Tremendous flow of interest


My call out for interviewees got a great response. Thanks to all of you that expressed an interest in participating.  I had some really lovely conversations with people trying to find out a little about them.

I did pretty much operate on a first-come first-served basis, balanced a little by an even(ish) gender split and reasonable geographical spread. What struck me about the preliminary chats with all those that I managed to speak to was, that just by scratching at the surface a little, threw up so many interesting lives, each distinctly different.

And people continued to get in touch more than I could reasonably do justice to. After talking to people, I realised that there were many people out there wanting to talk and share their story. To get to a point of talking to a stranger about who you are and what makes you tick takes some courage, self-realisation and acceptance. People wanted to share so that others could learn from their lives as well as clarifying a thing or two for themselves through the process.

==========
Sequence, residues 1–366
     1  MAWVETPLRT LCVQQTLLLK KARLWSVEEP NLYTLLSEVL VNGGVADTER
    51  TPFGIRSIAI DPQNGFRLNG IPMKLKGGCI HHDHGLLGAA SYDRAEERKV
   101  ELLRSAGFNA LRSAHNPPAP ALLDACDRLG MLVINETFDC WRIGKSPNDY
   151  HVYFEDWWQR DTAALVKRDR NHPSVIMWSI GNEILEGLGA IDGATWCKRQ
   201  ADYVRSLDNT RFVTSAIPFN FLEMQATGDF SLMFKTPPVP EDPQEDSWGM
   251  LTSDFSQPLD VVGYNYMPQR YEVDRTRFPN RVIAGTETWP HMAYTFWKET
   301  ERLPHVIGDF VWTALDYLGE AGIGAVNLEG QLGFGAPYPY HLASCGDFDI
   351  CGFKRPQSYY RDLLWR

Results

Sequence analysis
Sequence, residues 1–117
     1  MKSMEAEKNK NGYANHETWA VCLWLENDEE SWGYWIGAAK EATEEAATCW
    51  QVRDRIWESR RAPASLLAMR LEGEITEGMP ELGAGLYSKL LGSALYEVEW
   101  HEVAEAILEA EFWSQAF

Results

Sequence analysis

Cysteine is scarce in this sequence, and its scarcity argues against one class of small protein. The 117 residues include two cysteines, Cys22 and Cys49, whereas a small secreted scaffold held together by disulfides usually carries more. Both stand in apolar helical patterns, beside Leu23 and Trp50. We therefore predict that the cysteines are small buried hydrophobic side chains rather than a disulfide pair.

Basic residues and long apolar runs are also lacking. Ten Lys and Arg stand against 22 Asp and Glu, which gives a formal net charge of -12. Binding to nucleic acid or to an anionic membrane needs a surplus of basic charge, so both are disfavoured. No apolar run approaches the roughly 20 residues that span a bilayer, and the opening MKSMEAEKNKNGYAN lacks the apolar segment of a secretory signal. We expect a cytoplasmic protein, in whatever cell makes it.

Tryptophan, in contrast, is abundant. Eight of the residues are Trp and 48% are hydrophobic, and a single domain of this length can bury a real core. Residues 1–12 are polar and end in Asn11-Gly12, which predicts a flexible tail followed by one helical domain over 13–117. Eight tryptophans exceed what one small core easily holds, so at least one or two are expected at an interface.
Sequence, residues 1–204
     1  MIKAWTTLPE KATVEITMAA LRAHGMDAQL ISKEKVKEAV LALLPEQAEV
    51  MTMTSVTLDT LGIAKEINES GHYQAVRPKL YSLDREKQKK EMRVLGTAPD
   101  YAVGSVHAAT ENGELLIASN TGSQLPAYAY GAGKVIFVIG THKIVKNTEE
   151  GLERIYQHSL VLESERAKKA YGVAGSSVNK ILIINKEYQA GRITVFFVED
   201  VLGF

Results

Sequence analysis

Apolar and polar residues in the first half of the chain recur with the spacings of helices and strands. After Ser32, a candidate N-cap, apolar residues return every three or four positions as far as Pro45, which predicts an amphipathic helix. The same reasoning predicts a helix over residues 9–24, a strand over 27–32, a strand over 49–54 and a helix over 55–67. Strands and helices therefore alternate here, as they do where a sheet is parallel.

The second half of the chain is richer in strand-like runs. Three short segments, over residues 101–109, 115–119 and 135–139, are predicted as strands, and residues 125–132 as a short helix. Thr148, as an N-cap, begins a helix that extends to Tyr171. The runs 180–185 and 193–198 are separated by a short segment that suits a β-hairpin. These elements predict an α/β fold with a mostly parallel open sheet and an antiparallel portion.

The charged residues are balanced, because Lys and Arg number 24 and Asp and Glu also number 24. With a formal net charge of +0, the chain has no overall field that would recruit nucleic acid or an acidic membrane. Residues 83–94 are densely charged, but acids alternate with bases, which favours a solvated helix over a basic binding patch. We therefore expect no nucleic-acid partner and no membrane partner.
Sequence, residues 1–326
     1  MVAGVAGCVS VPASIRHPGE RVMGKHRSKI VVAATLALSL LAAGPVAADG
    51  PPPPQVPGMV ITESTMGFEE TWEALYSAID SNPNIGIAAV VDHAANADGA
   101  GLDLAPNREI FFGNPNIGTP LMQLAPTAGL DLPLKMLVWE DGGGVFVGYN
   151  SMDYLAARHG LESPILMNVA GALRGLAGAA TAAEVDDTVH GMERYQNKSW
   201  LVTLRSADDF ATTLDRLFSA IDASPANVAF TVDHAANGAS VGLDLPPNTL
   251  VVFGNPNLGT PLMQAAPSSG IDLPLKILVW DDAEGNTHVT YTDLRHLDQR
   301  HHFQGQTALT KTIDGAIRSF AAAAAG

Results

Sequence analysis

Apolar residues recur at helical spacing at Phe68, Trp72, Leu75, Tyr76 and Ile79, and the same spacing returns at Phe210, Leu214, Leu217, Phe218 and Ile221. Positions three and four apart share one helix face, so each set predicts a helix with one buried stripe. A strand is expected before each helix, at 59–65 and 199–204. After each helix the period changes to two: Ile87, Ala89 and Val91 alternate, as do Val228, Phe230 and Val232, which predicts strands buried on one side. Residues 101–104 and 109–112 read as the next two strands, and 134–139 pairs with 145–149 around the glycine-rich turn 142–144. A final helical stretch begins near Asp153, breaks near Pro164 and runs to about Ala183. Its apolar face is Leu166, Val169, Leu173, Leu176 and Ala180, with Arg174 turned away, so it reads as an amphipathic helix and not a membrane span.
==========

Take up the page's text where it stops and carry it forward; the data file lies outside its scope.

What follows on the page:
Many were frustrated by the status quo of hidden lives and motivated by the project’s aims of addressing this. A common recurring theme coming up during these pre-chats was of dual lives. This may sound like a double life or alter ego; often it’s as simple as being out and everything you are with everyone at work and play and all of that at home or with your parents, apart from your sexuality… compartmentalising.

Another recurrent theme was ethnicity and homosexuality… for some this was direct racism or open hostility, for others it was more subtle: coolness and not made to feel very welcome by the white majority LGB/T community especially on ‘the scene’ and some other queer spaces.

People hope to see a change so that British Asian sexual minorities can be themselves and live their lives. And especially amongst the younger generation, there’s a real belief that this is possible. More visibility, more gay Asian role models, more information, more stories of real lives, and good drama inspired by all of this which connects with audiences in new and interesting ways… might just be a small step in the right direction.





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  1. Pingback: What to know about South Asian lesbians… | Safar...

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